The Slave's Narrative / Edition 1

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Overview

These autobiographies of Afro-American ex-slaves comprise the largest body of literature produced by slaves in human history. The book consists of three sections: selected reviews of slave narratives, dating from 1750 to 1861; essays examining how such narratives serve as historical material; and essays exploring the narratives as literary artifacts.

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Editorial Reviews

From the Publisher
"An impressive collection."—The New York Times Book Review

"Excellent text for a sourcebook-course in origins of black literature. The inclusion of critical essays is a plus."—George Klawitter, Viterbo College

"A valuable reference for students who are doing papers on narrative tradition, autobiography, etc."—Fahamisha Patricia Brown, Boston College

"A valuable compilation of important historical documents that add greatly to our understanding of America's past and present."—Don Evans, Trenton State College

"Impressive and essential, this text remains one of the most authoritative scholarly collections on the subject."—Joycelyn Moody, University of Washington

"The most sophisticated and comprehensive book we have yet on the central issue facing students of nineteenth-century Afro-American literature: the question of how to analyze and evaluate the autobiographical tradition of the ex-slave."—Black American Literature Forum

"This attractive anthology has several excerpts that I have been unable to find in a brief collection suitable for a class. It will provide specific background for a Black literature or history course....I find it completely useful for a survey of African American literature."—David B. Merrell, Abilene Christian University

"An excellent tool for teachers of black history."—Darrell Millner, Portland State University

"Provides the reader with a sensitive explanation and analysis of the autobiographical narratives written or dictated by ex-slaves of African descent from 1750 to the twentieth century....This volume is a welcome addition to the constantly growing body of scholarly literature on the institution of slavery as it was seen from the slave's point of view."—Florida Historical Quarterly

"This collection is indispensable for historians and literary critics, as well as anyone interested in slavery and autobiography."—Bookletter/Southeast

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Product Details

  • ISBN-13: 9780195066562
  • Publisher: Oxford University Press, USA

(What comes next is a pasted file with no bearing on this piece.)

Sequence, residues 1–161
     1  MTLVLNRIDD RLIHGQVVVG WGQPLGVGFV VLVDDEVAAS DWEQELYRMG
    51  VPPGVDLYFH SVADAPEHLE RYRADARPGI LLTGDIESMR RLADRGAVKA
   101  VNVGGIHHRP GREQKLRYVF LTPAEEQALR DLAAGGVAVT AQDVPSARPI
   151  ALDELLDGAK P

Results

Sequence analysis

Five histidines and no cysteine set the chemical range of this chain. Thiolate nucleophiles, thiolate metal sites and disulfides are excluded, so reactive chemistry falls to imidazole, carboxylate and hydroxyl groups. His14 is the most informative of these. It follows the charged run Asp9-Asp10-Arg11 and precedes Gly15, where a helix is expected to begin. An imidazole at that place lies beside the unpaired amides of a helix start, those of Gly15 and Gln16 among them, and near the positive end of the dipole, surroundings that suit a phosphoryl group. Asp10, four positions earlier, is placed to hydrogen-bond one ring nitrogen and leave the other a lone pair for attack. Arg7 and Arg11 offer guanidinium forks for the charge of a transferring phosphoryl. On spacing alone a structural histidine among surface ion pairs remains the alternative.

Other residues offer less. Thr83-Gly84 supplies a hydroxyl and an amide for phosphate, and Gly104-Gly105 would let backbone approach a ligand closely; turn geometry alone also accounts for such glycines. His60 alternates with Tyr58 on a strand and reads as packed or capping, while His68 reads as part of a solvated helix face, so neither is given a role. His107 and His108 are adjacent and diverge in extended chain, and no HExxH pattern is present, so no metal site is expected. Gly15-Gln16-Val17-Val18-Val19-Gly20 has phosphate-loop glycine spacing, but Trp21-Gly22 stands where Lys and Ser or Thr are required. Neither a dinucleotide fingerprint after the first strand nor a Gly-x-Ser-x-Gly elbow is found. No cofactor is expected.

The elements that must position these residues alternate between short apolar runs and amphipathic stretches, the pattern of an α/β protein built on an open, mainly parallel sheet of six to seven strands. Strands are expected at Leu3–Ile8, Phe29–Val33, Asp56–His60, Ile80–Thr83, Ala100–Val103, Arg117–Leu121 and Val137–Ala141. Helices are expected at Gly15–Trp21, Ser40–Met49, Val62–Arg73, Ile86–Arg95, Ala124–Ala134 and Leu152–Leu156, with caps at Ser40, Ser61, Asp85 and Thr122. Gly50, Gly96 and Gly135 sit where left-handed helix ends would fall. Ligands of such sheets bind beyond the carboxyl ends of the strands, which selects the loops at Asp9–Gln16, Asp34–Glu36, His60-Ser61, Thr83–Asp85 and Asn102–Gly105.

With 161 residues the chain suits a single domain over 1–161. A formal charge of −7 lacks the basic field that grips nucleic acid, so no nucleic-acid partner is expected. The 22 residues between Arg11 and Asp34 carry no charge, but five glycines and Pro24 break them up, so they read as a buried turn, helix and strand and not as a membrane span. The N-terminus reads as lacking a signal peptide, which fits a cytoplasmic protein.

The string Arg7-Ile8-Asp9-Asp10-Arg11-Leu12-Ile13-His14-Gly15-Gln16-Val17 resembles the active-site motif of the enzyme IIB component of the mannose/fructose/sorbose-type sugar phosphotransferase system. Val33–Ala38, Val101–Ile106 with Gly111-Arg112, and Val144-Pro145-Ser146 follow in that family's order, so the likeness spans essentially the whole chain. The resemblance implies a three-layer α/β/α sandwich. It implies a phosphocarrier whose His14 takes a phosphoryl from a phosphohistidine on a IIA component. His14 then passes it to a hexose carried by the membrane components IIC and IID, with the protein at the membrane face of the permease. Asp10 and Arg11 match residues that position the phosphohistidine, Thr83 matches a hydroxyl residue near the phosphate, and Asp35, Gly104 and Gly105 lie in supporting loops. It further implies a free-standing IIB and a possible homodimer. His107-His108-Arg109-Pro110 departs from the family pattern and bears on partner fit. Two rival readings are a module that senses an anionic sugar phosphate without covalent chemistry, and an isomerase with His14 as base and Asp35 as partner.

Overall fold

• Publication date: 2/28/1991
  • Edition description: Reprint
  • Edition number: 1
  • Pages: 384
  • Lexile: 1740L (what's this?)
  • Product dimensions: 6.13 (w) x 9.25 (h) x 0.99 (d)

Table of Contents

Introduction: The Language of Slavery xi
1. Written by Themselves: Views and Reviews, 1750-1861
The Life of Job Ben Solomon 4
The Interesting Narrative of the Life of Olaudah Equiano, or Gustavus Vassa, the African; Written by Himself 5
The Life and Adventures of a Fugitive Slave 6
Narrative of James Williams 8
The Narrative of Juan Manzano 15
Narratives of Fugitive Slaves 19
Life of Henry Bibb 28
The Life and Bondage of Frederick Douglass 30
Kidnapped and Ransomed 31
Linda: Incidents in the Life of a Slave Girl: Written by Herself 32
2. The Slave Narratives as History
On Dialect Usage 37
The Art and Science of Reading WPA Slave Narratives 40
History from Slave Sources 48
Charles Chesnutt and the WPA Narratives: The Oral and Literate Roots of Afro-American Literature 59
Using the Testimony of Ex-Slaves: Approaches and Problems 78
Plantation Factories and the Slave Work Ethic 98
The Making of a Fugitive Slave Narrative: Josiah Henson and Uncle Tom--A Case Study 112
3. The Slave Narratives as Literature
"I Was Born": Slave Narratives, Their Status as Autobiography and as Literature 148
Three West African Writers of the 1780s 175
Crushed Geraniums: Juan Francisco Manzano and the Language of Slavery 199
I Rose and Found My Voice: Narration, Authentication, and Authorial Control in Four Slave Narratives 225
Autobiographical Acts and the Voice of the Southern Slave 242
Text and Contexts of Harriet Jacobs' Incidents in the Life of a Slave Girl: Written by Herself 262
The Slave Narrators and the Picaresque Mode: Archetypes for Modern Black Personae 283
Singing Swords: The Literary Legacy of Slavery 298
Bibliography 319
Index 331
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